The Choosing Wisely campaign, founded by the American Board of Internal Medicine in 2012, identifies common types of “low-value care” (which, for the purposes of this brief, is synonymous with overtreatment) and educates physicians and consumers about how to avoid them. To that end, the campaign has published more than 100 consumer-friendly guides regarding specific unnecessary tests, procedures, and treatments. A 2015 study of the campaign by Carrie Colla and colleagues examined the national average annual prevalence of eleven low-value services among Medicare enrollees between 2006 and 2011; the prevalence ranged from 1.2 percent (for upper urinary tract imaging in men with benign prostatic hyperplasia) to as high as 46.5 percent (for preoperative cardiac testing for low-risk, noncardiac procedures). Moreover, the authors found widespread variation in the prevalence of these procedures across hospital referral regions, indicating that the provision of low-value care is unevenly distributed across the United States.

Research also reveals racial and ethnic disparities in the provision of low-value care, with a 2017 study of Medicare administrative data by William Schpero and colleagues finding that Black and Hispanic patients were more likely to receive low-value care than White patients.

Importantly, research suggests that the prevalence of some of the low-value services identified by the Choosing Wisely campaign has remained about the same or slightly decreased in recent years. A 2019 report by the Research Consortium for Health Care Value Assessment (a collaboration between Altarum and VBID Health) examined a private insurer’s spending on five specific low-value services and five high-value services between 2014 and 2016 and found that spending growth on all five of the services (2 percent) was slower than the total growth in health spending during the same period (22 percent). The study by John Mafi and colleagues of patients with fee-for-service Medicare who received at least one of thirty-two identified low-value services found that the provision of low-value care decreased marginally between 2014 and 2018.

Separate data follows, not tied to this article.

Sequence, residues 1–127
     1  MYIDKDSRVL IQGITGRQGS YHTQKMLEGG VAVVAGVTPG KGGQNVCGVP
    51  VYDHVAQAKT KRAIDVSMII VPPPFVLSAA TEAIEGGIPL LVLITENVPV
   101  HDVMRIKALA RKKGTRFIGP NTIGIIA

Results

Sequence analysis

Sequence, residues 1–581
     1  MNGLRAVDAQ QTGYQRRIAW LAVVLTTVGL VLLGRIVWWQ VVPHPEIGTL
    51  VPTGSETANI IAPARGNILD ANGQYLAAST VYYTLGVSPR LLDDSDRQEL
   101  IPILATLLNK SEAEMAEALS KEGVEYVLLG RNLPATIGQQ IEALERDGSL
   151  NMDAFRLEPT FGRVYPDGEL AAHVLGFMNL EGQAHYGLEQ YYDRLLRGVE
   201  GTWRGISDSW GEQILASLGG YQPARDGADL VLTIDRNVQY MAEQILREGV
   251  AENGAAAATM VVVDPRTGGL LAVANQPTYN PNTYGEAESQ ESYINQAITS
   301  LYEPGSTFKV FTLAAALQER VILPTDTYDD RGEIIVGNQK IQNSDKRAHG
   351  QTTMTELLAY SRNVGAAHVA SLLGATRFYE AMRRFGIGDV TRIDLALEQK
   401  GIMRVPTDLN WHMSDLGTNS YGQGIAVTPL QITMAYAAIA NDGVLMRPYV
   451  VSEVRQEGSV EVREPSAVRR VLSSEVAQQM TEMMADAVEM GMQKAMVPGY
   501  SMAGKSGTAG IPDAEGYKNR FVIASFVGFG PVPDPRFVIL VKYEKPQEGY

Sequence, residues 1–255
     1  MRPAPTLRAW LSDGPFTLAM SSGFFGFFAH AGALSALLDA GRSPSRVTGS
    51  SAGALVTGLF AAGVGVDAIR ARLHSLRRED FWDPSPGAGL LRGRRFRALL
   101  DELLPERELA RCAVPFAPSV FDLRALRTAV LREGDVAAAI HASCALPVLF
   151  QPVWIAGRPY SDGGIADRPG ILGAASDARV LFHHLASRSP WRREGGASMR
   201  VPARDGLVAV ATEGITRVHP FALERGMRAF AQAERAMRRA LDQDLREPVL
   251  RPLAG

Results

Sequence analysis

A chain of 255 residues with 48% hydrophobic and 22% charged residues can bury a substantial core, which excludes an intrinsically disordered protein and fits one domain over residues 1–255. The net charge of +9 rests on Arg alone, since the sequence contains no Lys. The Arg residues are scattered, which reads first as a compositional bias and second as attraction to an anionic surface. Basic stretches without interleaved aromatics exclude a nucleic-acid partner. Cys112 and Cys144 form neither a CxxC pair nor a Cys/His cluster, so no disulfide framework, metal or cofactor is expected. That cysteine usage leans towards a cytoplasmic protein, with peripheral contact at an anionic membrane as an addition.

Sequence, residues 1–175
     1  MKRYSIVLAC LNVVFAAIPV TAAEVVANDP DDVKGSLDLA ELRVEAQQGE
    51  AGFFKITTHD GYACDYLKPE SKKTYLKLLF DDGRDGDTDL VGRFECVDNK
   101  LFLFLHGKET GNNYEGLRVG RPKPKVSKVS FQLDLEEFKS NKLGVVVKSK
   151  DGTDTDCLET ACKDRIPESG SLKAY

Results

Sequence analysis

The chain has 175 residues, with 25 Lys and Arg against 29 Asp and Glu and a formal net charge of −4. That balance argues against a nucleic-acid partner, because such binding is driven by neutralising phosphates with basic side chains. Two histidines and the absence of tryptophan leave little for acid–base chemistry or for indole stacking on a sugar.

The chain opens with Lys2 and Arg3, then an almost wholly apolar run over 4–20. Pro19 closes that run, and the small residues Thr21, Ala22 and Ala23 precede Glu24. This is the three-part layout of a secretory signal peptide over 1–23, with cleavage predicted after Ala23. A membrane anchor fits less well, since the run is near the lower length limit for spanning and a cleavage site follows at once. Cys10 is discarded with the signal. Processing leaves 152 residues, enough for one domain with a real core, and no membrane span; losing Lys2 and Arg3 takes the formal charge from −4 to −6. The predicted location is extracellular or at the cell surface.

The Council on Health Care Spending and Value is not focusing specifically on clinical waste, despite the savings potentially available, because other prominent groups and experts are making important strides in this area. This brief has already noted the important work of the Choosing Wisely project. Others are also working to identify and address clinical waste, including through state-level data collection and education efforts. Research on medical error also highlights a range of interventions with the potential to reduce waste and improve quality, including resident handoff programssurgical safety checklists, and other interventions to build “safety culture” in hospitals. Identification and reduction of medical waste must be a key component of any broad strategy to moderate health care spending growth and improve patient outcomes.